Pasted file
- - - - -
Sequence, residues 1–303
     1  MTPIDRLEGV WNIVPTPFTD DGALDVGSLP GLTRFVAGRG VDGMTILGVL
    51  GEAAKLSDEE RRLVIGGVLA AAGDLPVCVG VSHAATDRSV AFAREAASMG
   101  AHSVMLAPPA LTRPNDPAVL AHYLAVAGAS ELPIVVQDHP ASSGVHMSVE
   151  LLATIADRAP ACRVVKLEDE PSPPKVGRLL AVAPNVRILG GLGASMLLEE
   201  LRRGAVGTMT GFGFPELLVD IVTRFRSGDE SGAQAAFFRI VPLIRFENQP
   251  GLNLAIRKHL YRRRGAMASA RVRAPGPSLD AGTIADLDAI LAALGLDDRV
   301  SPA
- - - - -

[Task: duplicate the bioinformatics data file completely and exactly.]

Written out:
Sequence, residues 1–303
     1  MTPIDRLEGV WNIVPTPFTD DGALDVGSLP GLTRFVAGRG VDGMTILGVL
    51  GEAAKLSDEE RRLVIGGVLA AAGDLPVCVG VSHAATDRSV AFAREAASMG
   101  AHSVMLAPPA LTRPNDPAVL AHYLAVAGAS ELPIVVQDHP ASSGVHMSVE
   151  LLATIADRAP ACRVVKLEDE PSPPKVGRLL AVAPNVRILG GLGASMLLEE
   201  LRRGAVGTMT GFGFPELLVD IVTRFRSGDE SGAQAAFFRI VPLIRFENQP
   251  GLNLAIRKHL YRRRGAMASA RVRAPGPSLD AGTIADLDAI LAALGLDDRV
   301  SPA